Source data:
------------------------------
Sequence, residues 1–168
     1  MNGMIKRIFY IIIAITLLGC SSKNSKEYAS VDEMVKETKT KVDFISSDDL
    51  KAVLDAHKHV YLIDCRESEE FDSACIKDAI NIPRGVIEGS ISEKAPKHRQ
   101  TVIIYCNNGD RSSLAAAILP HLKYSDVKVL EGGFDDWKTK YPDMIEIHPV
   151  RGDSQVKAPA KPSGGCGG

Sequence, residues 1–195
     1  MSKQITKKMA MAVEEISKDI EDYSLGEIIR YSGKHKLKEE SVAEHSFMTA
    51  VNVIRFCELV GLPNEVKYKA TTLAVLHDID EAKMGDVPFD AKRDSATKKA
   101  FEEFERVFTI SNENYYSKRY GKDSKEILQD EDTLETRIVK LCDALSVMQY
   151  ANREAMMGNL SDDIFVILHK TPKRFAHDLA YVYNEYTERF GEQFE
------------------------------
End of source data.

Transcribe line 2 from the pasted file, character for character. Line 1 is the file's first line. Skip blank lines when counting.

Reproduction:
     1  MNGMIKRIFY IIIAITLLGC SSKNSKEYAS VDEMVKETKT KVDFISSDDL